Swati details city issues to Sertoma Club
Though Osman Swati was sworn into office as Port Arthur District 6 City Councilman about a month ago, he said he does not feel like an elected official.
The feeling is not so much because he’s new to job, but rather because no one voted for him.
The 32-year-old Port Arthur businessman ran unopposed for the seat left vacant when former City Councilman Bob Williamson termed out in May.
“I did not get a chance to campaign and share my platform. I feel blessed. I am technically an elected official, but don’t feel like I was elected,” Swati told a group of Port Arthur Sertoma Club members Thursday during their regular meeting.
Elected or not, Swati has a vision for the city that is steeped in his upbringing.
Swati said he is often asked if he is related to, or knows, different families in the community from Pakistan.
He may not know all their names, but he knows why they are here.
“They all left because there was no opportunity there in Pakistan. People like my father left in search of a better opportunity. My father started a business here, we grew up here. All parents came to this land so they could give their children a better life,” he said.
About 10 years ago, Swati’s father, Mohammed Swati, returned to Pakistan to give back to his native land after starting Pak Oil and turning the Port Arthur business into a successful enterprise — the largest Exxon Fuel Distributor in Southeast Texas.
In Pakistan, Mohammed Swati was re-elected as senator in his homeland the same day Swati was sworn in as City Councilman here in Port Arthur.
But, that’s where the similarities in the two elections ended.
In Pakistan, and other third world countries, people do not take the right to vote for granted.
Here, the number of people voting — less than 2,000 in eight days — was dismal, especially among those residents who are less than 40 years old.
“I look at the youngsters over there. They would give their lives in search of justice,” he said.
As Councilman, Swati said he plans to change the culture in City Hall — to make it truly representative and reactive to the residents’ needs rather than a place to hire family, neighbors and church members, regardless of their qualifications.
Running City Hall, he said, is much like running a business.
“I feel like the opportunity and potential here is limitless. My plan is to wake everyone up, to get them involved,” he said.
Since taking office, Swati said he has received calls from people complaining about their toilets backing up — something that he has come to realize as normal for a Port Arthur City Councilman.
He believes the city can address some of its citizens’ problems such as bad streets, drainage issues, etc, but first has to look inward.
“You guys have witnessed the constant bickering. The things they (the City Council) is doing is not focused on the betterment of the city,” he said. “Uniting the people on City Council is one of my goals.”
While taking questions from the Sertomans, Swati said he thought new City Manager Brian McDougal was a “great guy,” but he would need the right support to get things done.
“If he as the right support and we let him do his job, he will do his job, otherwise he may not stay,” Swati said.
The City Manager has recently sent out Requests for Qualifications in search of a firm to conduct a forensic audit on the city’s finances. The audit is the result of a petition signed by enough Port Arthur voters to convince Council to start the process.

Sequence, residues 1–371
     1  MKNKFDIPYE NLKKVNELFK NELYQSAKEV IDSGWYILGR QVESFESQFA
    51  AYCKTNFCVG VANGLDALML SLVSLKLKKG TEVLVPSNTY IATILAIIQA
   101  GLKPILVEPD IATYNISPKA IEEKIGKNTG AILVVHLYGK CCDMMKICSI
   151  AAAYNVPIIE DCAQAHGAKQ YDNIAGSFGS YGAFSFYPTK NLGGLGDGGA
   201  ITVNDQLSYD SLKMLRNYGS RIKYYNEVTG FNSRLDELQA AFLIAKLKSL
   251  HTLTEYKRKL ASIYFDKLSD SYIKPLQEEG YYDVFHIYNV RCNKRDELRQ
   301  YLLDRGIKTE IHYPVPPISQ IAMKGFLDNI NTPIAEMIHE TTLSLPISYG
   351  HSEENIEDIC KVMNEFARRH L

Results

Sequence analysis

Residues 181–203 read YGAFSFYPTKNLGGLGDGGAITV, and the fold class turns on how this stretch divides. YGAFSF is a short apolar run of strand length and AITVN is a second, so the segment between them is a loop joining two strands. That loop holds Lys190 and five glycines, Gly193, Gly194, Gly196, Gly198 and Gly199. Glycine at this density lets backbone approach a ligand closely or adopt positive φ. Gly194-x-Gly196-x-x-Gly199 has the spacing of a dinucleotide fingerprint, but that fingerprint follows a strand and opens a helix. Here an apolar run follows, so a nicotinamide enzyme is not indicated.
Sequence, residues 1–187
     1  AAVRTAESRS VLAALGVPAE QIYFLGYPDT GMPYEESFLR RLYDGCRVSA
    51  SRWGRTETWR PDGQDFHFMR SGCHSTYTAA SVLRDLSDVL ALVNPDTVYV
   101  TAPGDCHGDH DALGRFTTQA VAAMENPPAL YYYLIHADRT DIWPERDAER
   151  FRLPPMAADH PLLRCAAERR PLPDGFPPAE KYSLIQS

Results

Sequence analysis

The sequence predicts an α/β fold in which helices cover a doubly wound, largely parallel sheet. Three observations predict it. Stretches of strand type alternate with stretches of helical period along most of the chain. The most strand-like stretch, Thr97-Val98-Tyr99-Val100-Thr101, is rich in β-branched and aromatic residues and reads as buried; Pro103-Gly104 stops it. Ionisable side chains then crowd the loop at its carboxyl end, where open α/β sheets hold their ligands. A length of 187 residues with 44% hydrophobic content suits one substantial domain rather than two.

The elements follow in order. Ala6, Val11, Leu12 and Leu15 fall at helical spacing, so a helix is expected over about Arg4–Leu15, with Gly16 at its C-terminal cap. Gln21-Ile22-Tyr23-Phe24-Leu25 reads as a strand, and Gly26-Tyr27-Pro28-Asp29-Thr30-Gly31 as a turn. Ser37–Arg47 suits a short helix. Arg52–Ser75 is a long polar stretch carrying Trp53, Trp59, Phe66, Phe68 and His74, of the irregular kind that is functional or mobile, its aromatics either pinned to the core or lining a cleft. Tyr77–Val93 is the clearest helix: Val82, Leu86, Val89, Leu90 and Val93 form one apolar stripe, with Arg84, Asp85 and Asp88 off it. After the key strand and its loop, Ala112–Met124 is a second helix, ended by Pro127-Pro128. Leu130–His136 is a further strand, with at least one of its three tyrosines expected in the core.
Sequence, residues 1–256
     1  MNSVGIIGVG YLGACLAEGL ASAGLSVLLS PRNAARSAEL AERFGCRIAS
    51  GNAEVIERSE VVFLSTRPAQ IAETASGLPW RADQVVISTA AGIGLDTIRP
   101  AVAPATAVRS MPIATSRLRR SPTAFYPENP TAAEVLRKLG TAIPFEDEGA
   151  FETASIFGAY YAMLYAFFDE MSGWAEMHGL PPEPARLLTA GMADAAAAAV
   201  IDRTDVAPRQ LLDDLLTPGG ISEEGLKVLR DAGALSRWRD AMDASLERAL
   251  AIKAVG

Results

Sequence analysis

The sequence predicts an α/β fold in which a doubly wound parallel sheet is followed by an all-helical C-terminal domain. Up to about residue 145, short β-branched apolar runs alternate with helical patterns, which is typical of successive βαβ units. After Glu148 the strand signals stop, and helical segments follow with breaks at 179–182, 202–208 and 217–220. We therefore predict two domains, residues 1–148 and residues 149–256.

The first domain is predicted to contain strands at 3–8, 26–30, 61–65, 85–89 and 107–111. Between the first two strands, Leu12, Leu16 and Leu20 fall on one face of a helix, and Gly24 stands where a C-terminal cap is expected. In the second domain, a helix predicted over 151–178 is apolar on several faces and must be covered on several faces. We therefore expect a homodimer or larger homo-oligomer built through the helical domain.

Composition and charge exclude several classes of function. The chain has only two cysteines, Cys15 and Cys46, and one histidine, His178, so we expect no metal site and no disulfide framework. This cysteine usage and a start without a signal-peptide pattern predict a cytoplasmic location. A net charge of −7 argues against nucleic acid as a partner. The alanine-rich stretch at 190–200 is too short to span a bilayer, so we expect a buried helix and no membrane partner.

“There is no evidence as far as my knowledge that there is something shady going on, but they are moving forward on it,” Swati said.
Swati said he is disappointed in the disinterest Port Arthur residents have toward their leaders, including the school board.
A better school will attract more people to the area, he said.
As it is, many are attending schools outside the district.
“We have so many city officials whose kids don’t go to Port Arthur schools,” he said.
The city’s downtown has potential, but is not there yet, he said.
He warned that simply investing money in the immediate downtown area would not be beneficial in the longrun unless the surrounding area was revitalized and kept up.
“There needs to be a corridor from 73 running south all the way to Downtown so people will want to come here,” he said.
Pleasure Island, he said, has all kinds of potential if managed correctly.
“Pleasure Island can be a great place. I used to take my guests here to Pleasure Island and they couldn’t believe what we had there,” Swati said, while noting the number of studies the city has commissioned that sit unimplemented on shelves.
“City Hall is full of all kinds of plans and surveys that would turn this city into Dubai, but they do nothing with them. Downtown Port Arthur can be a great place, but not right now.”
Though he is a first-time politician, Swati will draw on his on background to lead the city, he said.
Swati completed his high school education in Falls Church, Virginia. He moved to Port Arthur in 1999 to attend Lamar University in Beaumont, earned an undergraduate degree in business marketing in 2005, then moved to the United Kingdom to pursue a law education degree. He passed the bar in England in 2010 and became a barrister before moving back to Port Arthur that same year.
The family is also involved in hotels, apartments and various real estate ventures in Texas and Louisiana.
Swati has also served on the Port Arthur Economic Development board for nine months and represented the EDC and city of Port Arthur in the United Arab Emirates at the World Forum for Foreign Direct Investment.
He is president of the Southeast Texas Cricket League and Captain of the Port Arthur Tigers and Cricket Club.
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